>municipal stadium.

with the 40th anniversary of the kansas city royals happening this year i decided to look into their history a little more intentionally. i was sort of confused – i knew that kauffman stadium (then royals stadium) was built in 1973, and with all the renovations happening this year i thought the big 40th anniversary hooplah was because of the stadium. but 2009 – 1973 ≠ 40. i’d forgotten that the royals played at municipal stadium for 3 years before first taking the field on the turf at royals stadium in 1973.

municipal stadium was primarily the home of the negro league’s kansas city monarchs from 1923-1955. it also hosted the the kc blues during the same time as the monarchs, the kc athletics from 1955-67 before moving to oakland, and the chiefs for 8 incredible years until 1971. buck o’neil played there from 1938-1955 and jackie robinson called municipal stadium home for two years before he broke the color barrier in the major leagues in 1947.

the ballpark was demolished in 1976 and replaced by a public garden, but today it is being replaced with a housing development. for some reason this really saddens me. there was a terrific history at municipal stadium, and it sure would’ve been an awesome attraction to add to the 18th and vine district around kansas city missouri. now there’s just a lame sign that’s meant to remember the great history there. it seems like a disgrace to me. i haven’t actually been there, read the sign and explored the surrounding area, but just the fact that i haven’t heard much of anything about municipal stadium in my 23 years of calling kansas city home doesn’t say much for how well the old stadium is being remembered. (also check out old downtown kc in the distance of the pic to the left.)

maybe i’m just a sucker for baseball stadiums. actually, that’s exactly what it is. it’s an incredible blend of architecture and recreation that you don’t get in any other sports. there is no other sport that features asymmetry and different dimensions between ballparks. one could possibly argue that golf offers this, but in terms of building architecture there is no comparison. basketball, football, soccer, hockey – they all have specific dimensions. baseball stadiums all have their special quirks and unique feels to them. shorter fences, longer fences, higher fences and smaller ones, a small hill in center field, brick walls or ivy in the outfield, tough angles and nooks in the left and right field corners, etc.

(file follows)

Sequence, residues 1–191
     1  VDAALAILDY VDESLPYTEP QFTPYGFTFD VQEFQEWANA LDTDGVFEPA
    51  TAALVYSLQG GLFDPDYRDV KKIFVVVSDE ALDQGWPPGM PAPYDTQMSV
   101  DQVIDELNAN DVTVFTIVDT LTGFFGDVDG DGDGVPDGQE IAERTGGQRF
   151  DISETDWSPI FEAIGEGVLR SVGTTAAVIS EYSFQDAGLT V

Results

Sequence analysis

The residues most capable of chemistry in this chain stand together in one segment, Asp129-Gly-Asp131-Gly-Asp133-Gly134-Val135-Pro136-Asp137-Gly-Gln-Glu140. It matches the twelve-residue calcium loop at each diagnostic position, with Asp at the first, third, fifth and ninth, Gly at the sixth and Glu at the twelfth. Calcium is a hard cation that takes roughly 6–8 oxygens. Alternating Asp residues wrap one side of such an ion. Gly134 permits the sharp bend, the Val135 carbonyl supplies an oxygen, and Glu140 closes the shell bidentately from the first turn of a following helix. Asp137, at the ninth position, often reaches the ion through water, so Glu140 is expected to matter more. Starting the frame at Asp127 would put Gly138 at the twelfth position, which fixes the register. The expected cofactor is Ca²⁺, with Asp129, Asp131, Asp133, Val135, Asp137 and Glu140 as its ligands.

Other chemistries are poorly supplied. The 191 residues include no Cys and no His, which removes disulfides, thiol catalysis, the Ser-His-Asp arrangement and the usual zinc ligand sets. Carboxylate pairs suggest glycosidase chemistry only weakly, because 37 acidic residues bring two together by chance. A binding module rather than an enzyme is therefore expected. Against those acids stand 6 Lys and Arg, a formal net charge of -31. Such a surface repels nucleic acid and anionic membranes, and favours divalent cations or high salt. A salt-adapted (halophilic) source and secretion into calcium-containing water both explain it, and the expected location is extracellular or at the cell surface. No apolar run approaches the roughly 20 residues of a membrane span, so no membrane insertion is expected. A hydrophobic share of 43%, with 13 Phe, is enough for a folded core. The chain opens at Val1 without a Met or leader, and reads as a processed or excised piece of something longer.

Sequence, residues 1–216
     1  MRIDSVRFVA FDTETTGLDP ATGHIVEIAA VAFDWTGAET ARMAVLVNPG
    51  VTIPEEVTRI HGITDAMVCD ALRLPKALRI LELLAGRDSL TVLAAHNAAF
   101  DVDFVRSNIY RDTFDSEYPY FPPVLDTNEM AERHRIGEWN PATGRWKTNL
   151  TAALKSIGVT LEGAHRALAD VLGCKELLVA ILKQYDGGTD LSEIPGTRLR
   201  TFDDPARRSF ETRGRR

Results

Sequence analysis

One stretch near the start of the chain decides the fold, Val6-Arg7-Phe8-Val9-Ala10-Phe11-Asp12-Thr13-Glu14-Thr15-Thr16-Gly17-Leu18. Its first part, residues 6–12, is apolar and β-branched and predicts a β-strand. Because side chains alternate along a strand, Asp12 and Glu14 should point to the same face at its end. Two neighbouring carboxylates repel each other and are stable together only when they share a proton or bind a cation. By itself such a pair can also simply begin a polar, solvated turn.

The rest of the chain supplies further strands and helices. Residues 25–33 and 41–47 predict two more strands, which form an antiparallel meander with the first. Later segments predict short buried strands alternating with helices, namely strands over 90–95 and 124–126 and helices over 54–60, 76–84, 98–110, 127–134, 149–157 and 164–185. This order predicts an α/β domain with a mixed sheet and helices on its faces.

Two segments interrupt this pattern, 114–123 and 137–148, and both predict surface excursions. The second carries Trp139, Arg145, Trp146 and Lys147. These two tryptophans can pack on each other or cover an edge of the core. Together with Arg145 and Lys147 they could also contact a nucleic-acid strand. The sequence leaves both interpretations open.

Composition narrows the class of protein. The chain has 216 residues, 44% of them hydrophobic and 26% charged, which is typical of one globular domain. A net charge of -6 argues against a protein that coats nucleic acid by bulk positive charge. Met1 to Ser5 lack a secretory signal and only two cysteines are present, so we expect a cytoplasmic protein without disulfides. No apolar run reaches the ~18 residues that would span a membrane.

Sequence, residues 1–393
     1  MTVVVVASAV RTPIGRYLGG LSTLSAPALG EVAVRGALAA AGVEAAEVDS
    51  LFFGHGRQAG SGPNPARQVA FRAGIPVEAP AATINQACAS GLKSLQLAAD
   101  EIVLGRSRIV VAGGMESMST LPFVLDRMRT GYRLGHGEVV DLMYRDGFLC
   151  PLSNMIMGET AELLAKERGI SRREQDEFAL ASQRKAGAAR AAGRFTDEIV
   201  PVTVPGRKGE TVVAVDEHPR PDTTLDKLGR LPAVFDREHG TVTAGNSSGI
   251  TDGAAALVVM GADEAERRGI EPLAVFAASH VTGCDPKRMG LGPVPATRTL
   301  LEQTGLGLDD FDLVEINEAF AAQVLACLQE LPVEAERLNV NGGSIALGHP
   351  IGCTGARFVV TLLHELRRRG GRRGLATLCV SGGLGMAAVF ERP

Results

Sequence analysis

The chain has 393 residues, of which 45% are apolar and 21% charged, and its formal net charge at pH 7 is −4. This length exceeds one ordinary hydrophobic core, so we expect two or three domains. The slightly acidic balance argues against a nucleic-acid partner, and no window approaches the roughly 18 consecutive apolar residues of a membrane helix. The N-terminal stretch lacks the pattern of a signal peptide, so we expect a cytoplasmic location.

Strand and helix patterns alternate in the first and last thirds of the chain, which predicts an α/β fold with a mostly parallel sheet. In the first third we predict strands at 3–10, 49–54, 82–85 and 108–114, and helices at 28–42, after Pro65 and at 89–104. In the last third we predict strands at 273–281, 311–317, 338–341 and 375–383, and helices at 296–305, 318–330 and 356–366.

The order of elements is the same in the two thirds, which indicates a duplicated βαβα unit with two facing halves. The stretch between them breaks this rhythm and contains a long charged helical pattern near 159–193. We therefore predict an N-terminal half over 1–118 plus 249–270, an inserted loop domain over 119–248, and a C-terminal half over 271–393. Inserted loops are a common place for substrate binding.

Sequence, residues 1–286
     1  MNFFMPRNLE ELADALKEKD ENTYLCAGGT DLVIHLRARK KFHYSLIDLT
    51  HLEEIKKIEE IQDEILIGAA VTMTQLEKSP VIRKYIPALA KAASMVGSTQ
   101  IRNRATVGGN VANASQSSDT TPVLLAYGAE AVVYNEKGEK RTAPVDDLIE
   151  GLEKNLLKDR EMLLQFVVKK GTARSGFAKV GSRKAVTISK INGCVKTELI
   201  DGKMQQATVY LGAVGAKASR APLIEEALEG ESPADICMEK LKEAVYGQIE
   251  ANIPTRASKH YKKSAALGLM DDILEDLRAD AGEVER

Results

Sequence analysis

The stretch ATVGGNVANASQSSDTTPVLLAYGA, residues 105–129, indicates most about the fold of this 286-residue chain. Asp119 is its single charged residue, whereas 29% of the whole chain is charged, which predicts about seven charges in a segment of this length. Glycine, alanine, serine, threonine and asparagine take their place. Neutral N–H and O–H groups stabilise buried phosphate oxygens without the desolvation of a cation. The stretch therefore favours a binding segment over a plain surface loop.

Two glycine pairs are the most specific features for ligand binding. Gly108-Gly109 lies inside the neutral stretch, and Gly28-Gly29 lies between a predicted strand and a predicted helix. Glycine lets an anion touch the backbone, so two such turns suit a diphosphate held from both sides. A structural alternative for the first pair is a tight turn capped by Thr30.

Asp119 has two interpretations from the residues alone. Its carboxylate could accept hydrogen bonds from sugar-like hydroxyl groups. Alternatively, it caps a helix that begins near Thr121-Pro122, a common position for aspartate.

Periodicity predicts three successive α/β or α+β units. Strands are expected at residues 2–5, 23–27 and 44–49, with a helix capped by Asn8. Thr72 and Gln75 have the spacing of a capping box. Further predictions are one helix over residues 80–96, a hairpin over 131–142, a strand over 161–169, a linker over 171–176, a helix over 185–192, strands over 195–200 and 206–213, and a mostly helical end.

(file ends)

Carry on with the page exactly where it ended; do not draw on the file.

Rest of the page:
i just find it astonishing that they demolished it and have replaced it with a bunch of houses. it seems disrespectful for some reason – especially to a stadium with the extensive negro leagues history as municipal had. obviously we can’t get it back, but it’s fun to wish it was still around.

in other news: john buck just hit a triple…just wanted to show billy butler how to do it.
EDIT: john buck just hit ANOTHER triple.


One thought on “>municipal stadium.”

  1. >Adam, Municipal Stadium was an incredible place to watch a game – Royals or Chiefs. You parked in one of the cramped, small lots or in someone's front yard. Regardless, forget about leaving early as every car was parked bumper to bumper. As you walked up Brooklyn to 22nd the smell of BBQ filled the air. Bryant's down on 18th was the source. The field was immaculately kept by George Toma. I won't take time here but look him up. One of the best features was the catwalks from the 2nd deck concourse to the seating area. You could look down and see the lower level stands and all the people sitting in them. The old scoreboard was the original board in Boston's Braves Field. I could go on, but suffice to say I agree with you that it's a shame that Municipal doesn't get more respect.

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